Microsoft Office Tutorials and References

In Depth Information

**It Takes All Types**

If you’re trained in accounting, you can enclose the negative number (that’s

expense
to you) in parentheses. You’d enter it like this:
(175)
. If you go to all

the trouble to use parentheses for your negatives (expenses), Excel goes ahead

and automatically converts the number so that it begins with a minus sign; if

you enter
(175)
in the Coffee and Donut expense cell, Excel spits back –175.

(Relax, you can find out how to get your beloved parentheses back for the

expenses in your spreadsheet in Chapter 3.)

With numeric values that represent dollar amounts, like the amount of money

you made last year, you can include dollar signs ($) and commas (,) just as

they appear in the printed or handwritten numbers you’re working from.

Just be aware that when you enter a number with commas, Excel assigns a

number format to the value that matches your use of commas. (For more

information on number formats and how they are used, see Chapter 3.)

Likewise, when you preface a financial figure with a dollar sign, Excel assigns

an appropriate dollar-number format to the value (one that automatically

inserts commas between the thousands).

When entering numeric values with decimal places, use the period as the

decimal point. When you enter decimal values, the program automatically

adds a zero before the decimal point (Excel inserts 0.34 in a cell when you

enter
.34
) and drops trailing zeros entered after the decimal point (Excel

inserts 12.5 in a cell when you enter
12.50
).

If you don’t know the decimal equivalent for a value that contains a fraction,

you can just go ahead and enter the value with its fraction. For example, if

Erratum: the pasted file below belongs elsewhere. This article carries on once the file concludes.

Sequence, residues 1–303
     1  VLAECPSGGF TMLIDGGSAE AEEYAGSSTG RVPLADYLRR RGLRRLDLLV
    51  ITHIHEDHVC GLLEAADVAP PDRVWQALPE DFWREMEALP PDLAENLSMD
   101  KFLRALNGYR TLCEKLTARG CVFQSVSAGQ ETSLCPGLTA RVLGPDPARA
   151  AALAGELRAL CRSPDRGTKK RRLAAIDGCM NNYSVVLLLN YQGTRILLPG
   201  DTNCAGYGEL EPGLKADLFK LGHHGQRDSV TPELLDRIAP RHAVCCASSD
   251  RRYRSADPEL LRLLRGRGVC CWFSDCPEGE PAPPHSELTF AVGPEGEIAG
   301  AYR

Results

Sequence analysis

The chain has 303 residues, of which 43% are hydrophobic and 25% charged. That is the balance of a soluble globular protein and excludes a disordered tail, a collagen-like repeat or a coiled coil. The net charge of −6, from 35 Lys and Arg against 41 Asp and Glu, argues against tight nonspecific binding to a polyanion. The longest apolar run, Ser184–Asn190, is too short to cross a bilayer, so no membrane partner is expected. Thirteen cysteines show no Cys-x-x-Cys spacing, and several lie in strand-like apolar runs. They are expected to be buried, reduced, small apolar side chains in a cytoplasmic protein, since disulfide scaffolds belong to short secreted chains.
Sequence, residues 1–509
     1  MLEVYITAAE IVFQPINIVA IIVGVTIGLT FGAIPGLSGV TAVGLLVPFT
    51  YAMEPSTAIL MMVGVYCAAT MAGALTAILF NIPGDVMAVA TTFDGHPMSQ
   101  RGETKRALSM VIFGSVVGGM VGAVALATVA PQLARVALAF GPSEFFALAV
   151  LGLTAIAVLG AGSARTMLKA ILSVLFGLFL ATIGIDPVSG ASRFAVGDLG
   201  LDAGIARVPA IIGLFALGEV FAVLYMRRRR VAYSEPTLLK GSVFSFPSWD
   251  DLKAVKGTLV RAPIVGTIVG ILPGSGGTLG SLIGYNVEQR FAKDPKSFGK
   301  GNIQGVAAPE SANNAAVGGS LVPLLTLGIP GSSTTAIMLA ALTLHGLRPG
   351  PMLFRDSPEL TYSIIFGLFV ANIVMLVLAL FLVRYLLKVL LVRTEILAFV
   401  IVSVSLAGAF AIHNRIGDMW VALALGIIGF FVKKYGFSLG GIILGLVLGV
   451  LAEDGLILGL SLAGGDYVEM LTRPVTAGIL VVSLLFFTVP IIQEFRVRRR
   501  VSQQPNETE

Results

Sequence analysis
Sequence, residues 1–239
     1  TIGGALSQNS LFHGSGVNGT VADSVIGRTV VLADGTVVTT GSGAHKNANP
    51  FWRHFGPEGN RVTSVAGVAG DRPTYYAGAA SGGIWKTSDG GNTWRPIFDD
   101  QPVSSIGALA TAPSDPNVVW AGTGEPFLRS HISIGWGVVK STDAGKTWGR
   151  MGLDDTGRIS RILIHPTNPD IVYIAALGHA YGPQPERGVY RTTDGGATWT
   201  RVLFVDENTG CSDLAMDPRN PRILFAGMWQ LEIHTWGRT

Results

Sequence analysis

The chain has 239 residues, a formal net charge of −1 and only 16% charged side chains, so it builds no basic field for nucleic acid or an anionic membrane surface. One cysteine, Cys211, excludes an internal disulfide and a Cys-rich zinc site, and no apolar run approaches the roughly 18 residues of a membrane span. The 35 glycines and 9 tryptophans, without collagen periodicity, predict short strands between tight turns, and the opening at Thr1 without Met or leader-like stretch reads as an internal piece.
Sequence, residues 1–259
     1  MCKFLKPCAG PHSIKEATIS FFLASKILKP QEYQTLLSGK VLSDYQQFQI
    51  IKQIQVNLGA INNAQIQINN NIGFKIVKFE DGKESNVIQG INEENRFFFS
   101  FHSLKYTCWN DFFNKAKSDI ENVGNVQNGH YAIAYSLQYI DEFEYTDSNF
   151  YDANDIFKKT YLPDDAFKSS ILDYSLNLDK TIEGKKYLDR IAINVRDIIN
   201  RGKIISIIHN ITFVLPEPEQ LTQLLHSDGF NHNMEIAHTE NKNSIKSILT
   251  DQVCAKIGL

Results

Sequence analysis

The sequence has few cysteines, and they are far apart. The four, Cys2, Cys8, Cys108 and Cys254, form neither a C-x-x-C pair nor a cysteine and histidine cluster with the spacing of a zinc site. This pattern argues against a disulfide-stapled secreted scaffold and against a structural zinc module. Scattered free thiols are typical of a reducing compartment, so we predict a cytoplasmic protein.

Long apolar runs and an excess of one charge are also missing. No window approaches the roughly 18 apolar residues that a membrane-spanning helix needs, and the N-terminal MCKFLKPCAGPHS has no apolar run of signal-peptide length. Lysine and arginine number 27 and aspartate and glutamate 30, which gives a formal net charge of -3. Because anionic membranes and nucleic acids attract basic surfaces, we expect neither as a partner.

you don’t know that 2.1875 is the decimal equivalent for 2
3
⁄
16
, just type
2
3
⁄
16

(making sure to add a space between the 2 and 3) in the cell. After

completing the entry, when you put the cell pointer in that cell, you see 2
3
⁄
16
in the

cell of the worksheet, but 2.1875 appears on the Formula bar. As you see in

Chapter 3, it’s then a simple trick to format the display of 2
3
⁄
16
in the cell so

that it matches the 2.1875 on the Formula bar.

If you need to enter simple fractions, such as 3/4 or 5/8, you must enter them

as a mixed number preceded by zero; for example, enter
0 3
or
0 5
(be
8

sure to include a space between the zero and the fraction). Otherwise, Excel

thinks that you’re entering the dates March 4 (3/4) or May 8 (5/8).

When entering in a cell a numeric value that represents a percentage (so

much out of a hundred), you have this choice:

✓
You can divide the number by 100 and enter the decimal equivalent (by

moving the decimal point two places to the left like your teacher taught

you; for example, enter
.12
for 12 percent).

✓
You can enter the number with the percent sign (for example, enter
12%
).